More relevant to the topic of this research are the branded online games as a type of
entertainment and information used as a tool to generate interaction with brand as
well as positive, brand-related online experiences. Objectives of online game advertising can be one of the following: Building brand or product awareness, driving traffic,
generating conversions or sales leads, collecting visitor or consumer data or possibly
education (De Pelsmacker et al. 2010). Differing from the definition of online games,
gamification includes the same objectives, and is defined as follows: ““Gamification” is
the use of game design elements in non-game contexts.” (Deterding et al., 2011)
A brand website and game advertising form the basis for a gamified web application as
both of these are integral elements in formulating a successful strategy. The branded
website functions as the platform or as the setting for the application and the online
game as the starting point for development, which will then be transformed into one of
the site’s features.
Web 2.0
As technology has been developed in tremendous strides within the last decade, the
internet has not remained in its original, static form but it has evolved into a new, even
more challenging medium than what it was before. With such phenomenons as social
media and the rapid developments in internet and mobile technology, the web has
been updated to its “second” version, the Web 2.0.
However, to clarify and properly define what Web 2.0 means, Tim O’Reilly formulated a
compact definition in 2005 which goes as follows: Web 2.0 is the network as platform,
spanning all connected devices; Web 2.0 applications are those that make the most of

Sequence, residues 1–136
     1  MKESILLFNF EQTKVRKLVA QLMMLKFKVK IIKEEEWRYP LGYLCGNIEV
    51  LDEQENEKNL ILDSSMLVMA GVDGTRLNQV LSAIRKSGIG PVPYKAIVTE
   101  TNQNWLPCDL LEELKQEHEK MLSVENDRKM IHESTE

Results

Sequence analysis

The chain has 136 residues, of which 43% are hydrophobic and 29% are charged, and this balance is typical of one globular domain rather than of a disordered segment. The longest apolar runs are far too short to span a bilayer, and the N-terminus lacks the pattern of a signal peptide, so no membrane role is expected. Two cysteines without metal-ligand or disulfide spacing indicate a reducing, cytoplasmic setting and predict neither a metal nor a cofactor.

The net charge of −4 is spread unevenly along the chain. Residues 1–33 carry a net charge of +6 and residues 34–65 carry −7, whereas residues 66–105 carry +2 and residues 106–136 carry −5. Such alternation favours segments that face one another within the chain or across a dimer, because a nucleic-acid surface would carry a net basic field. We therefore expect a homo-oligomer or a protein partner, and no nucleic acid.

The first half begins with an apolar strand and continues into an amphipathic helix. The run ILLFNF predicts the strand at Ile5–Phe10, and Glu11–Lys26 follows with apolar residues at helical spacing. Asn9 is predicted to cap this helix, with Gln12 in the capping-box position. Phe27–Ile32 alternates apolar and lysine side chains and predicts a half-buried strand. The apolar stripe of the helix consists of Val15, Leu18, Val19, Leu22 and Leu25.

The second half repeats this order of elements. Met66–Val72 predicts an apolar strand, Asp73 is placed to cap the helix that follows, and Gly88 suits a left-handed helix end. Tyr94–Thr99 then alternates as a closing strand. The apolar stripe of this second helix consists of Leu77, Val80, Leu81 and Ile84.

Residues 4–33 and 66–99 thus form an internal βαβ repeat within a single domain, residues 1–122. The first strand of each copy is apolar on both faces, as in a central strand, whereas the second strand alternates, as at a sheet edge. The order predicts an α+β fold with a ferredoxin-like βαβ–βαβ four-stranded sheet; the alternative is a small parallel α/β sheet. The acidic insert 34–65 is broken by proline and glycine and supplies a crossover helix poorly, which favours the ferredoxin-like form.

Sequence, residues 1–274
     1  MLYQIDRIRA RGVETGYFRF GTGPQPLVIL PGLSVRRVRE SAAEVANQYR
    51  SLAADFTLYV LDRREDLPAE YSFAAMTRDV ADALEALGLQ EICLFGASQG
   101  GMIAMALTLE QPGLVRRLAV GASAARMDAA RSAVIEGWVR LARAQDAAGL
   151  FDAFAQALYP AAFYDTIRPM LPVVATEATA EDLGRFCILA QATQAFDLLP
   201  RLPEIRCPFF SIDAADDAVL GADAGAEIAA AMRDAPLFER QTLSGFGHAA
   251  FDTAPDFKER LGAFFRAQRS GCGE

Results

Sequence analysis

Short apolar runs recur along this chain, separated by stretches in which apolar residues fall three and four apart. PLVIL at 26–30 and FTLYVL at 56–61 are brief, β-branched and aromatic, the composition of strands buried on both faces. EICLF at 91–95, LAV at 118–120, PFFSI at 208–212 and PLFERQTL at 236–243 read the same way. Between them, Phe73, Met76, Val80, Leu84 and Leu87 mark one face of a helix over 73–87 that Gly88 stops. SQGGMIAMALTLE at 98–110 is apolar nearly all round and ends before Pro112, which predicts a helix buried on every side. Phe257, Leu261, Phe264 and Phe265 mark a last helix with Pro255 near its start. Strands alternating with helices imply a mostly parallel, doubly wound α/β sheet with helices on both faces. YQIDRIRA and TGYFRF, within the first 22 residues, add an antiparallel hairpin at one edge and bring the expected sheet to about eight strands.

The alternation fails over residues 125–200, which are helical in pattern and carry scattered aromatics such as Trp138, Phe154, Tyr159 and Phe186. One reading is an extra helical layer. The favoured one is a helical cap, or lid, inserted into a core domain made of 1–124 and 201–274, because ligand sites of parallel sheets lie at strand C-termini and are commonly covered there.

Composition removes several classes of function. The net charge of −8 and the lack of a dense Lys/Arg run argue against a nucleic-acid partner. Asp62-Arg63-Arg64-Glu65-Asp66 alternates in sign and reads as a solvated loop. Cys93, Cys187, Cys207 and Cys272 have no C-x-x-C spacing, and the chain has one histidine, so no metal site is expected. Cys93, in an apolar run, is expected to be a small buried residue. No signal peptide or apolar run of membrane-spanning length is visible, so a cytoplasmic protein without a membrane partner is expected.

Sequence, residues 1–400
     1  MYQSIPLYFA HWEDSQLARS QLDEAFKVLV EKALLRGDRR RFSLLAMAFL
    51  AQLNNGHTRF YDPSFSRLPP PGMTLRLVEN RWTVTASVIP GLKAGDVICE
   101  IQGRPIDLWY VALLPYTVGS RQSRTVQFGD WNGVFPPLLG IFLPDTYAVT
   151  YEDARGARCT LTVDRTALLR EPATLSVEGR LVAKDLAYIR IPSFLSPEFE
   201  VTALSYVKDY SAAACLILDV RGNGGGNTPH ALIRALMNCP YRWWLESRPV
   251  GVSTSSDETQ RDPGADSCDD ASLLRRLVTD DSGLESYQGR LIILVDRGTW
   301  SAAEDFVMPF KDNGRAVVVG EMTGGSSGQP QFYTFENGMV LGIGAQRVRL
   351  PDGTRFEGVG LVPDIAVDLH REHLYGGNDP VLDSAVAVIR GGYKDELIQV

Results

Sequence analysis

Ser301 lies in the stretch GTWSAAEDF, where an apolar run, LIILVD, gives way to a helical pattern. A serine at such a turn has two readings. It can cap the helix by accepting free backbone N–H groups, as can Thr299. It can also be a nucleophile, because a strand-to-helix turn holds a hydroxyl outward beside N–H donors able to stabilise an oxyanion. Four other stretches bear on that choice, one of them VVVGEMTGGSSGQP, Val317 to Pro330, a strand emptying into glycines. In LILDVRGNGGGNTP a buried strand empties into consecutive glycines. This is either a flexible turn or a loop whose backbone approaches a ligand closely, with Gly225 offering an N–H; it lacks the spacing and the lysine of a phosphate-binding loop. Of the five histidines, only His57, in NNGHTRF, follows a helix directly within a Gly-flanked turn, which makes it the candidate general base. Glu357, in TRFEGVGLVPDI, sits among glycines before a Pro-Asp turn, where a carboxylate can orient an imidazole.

the intrinsic advantages of that platform: delivering software as a continually-updated
service that gets better the more people use it, consuming and remixing data from
multiple sources, including individual users, while providing their own data and services
in a form that allows remixing by others, creating network effects through an "architecture of participation," and going beyond the page metaphor of Web 1.0 to deliver rich
user experiences. Simply put, web 2.0 stands for a constantly moving and continuously
updating interactive online entity that spans across a variety of platforms and in which
the every-day user holds a large portion of the power and development relies in the
participation of its users.
This phenomenon has been the topic of discussion and research due to its implications
to businesses and how to modify their online strategies accordingly. The transformation of the web from 1.0 to 2.0 has had several effects, with one of the most important
ones being that the locus of power has shifted from the firm to the consumer as this
new technology has enabled consumers to become the generators of content and media in addition to merely consuming it as well as granted them with the ability to directly influence companies in online environments. (Berthon et al., 2012).
Social media
Social media is often considered a synonym to the Web 2.0, however the technology
merely provided the tools and the foundation to build and develop different types of
online solutions and gave rise to the new, revolutionary form of communication and
media. The content that is spread within social media comprises of for example text,
pictures or videos. However the significance of social media lies in the shift from individualism to collectivist thinking, where the leverage is in the power of many and engagement is the key to success. (Berthon et al., 2012). The structure of social media